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Monsanto Holds Fast to 2011 Guidance

Monsanto posts a slightly wider loss than Wall Street was expecting, but the company held fast to guidance in the face of disappointing early results for its corn seed this harvest season.
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(Monsanto earnings item updated with analyst commentary and for stock-price movement.)



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spilled slightly more red ink during the fourth quarter than analysts were expecting, but the the company held fast to its financial guidance for 2011, which

had become a point of some concern

after an important new corn seed showed disappointing results in the early part of the harvest season.

Directly after the opening bell Wednesday morning, Monsanto shares shot as high as $51.27, or more than 5%, but they've since eased back. Recently, they were changing hands at $49.69, up about 2.4% on heavy volume. The early spike may have been caused by some short covering; as of Sept. 15, about 10 million shares were in the hands of short sellers.

In its earnings press release and during a later conference call to discuss results with analysts, Monsanto basically confirmed what it had been telling Wall Street since it pre-announced fourth-quarter numbers in early September. The company expects to record per-share earnings growth next year of between 13% and 17% from the $2.41 it reported for fiscal 2010. That would put the company's 2011 EPS at somewhere between $2.72 and $2.82. The consensus among analysts for Monsanto's full-year earnings in 2011 had been $2.83.

Monsanto also sought to reassure investors that sales of its new corn seeds would be OK next year, despite a

lackluster start to the harvest season

, in terms of yields, for the company's all-important SmartStax product. The genetically modified seeds were planted commercially for the first time in 2010.

Monsanto had been criticized by farmers for the high prices it had charged for the SmartStax seeds, which sport certain kinds of bioengineered traits that growers in certain regions have said they don't require (a gene that promises to defend a plant against a pest that doesn't exist in some areas, for instance).

That blow back from its customer base forced Monsanto earlier this year to cut prices, and to revise the aggressive growth goals it had targeted for the next few years. Monsanto has also been dogged by the continued crumbling of its Roundup weedkiller business amid severe generic competition from manufacturers in China, not to mention studies that have shown a rising resistance among weeds to the the chemical. Monsanto had to slash prices for Roundup, which also hurt its overall earnings this year.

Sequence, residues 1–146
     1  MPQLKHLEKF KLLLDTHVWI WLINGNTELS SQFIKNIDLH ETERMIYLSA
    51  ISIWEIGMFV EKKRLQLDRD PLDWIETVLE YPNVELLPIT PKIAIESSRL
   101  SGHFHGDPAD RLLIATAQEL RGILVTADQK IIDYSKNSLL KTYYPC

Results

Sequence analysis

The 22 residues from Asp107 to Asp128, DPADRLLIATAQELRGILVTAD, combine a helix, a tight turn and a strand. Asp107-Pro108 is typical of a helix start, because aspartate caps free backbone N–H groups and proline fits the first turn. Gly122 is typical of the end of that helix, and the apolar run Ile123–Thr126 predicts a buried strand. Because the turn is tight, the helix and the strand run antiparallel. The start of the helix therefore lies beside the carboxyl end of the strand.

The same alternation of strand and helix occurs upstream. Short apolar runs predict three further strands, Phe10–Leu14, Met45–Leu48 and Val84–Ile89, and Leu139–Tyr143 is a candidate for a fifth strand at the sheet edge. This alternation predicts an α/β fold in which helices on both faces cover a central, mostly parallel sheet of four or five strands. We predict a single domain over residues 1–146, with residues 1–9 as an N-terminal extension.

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Monsanto's stock has lost about 40% of its value in 2010, hammered by investors for that string of bad news. The decline recently gave rise to speculation that Monsanto would begin a share buyback program, but the company's management squelched that theory during the conference call, denying that such a program was imminent or even likely.

In its press release, Monsanto said, "In corn, the company will execute on its plan to offer farmers more choices of products at more price points and expects to earn the farmer's business on mid-teens millions of acres total," which includes mostly SmartStax, but also a much smaller portion of acres from two older legacy corn seeds.

That "mid-teens millions of acres" also confirms earlier guidance from the company. Still, in reiterating that projection, Monsanto may have offered up at least some hope to investors that SmartStax's early yield disappointments this harvest season won't torpedo its ability to sell the stuff next year. Many analysts had trimmed their forecasts for SmartStax sales volumes for 2011, based on those subpar yields.

"I still believe there's some upside" to the stock, said Colin Isaacs, an analyst with

Atlantic Securities

in London. "The SmartStax issue has probably been overdone."

Isaacs, who has a neutral rating on Monsanto stock, also noted that within the next six months, the company could receive approval from U.S. regulators to begin mixing SmartStax seeds in bags that also contain non-genetically modified seeds. Approval, he added, would give a boost to sales. "There's still a lot of value in the pipeline," Isaacs said.

Data tracking the seed's yield performance this year will continue to emerge until the harvest in the North American bread basket is complete. Monsanto plans to will make a statement on the results in early November.

As for the fourth quarter, a seasonally slow period that typically results in red ink for the company, Monsanto lost 9 cents a share, excluding charges, wider than the 6 cents a share that analysts were expecting on average, according to

Thompson Reuters


Still, the company improved its performance compared to the year-ago period. Monsanto's net loss for the quarter ended Aug. 31 came to $143 million, narrower than the $233 million it lost a year earlier.

Revenue, too, improved year-over-year, inching up 4% to $1.95 billion.

-- Written by Scott Eden in New York

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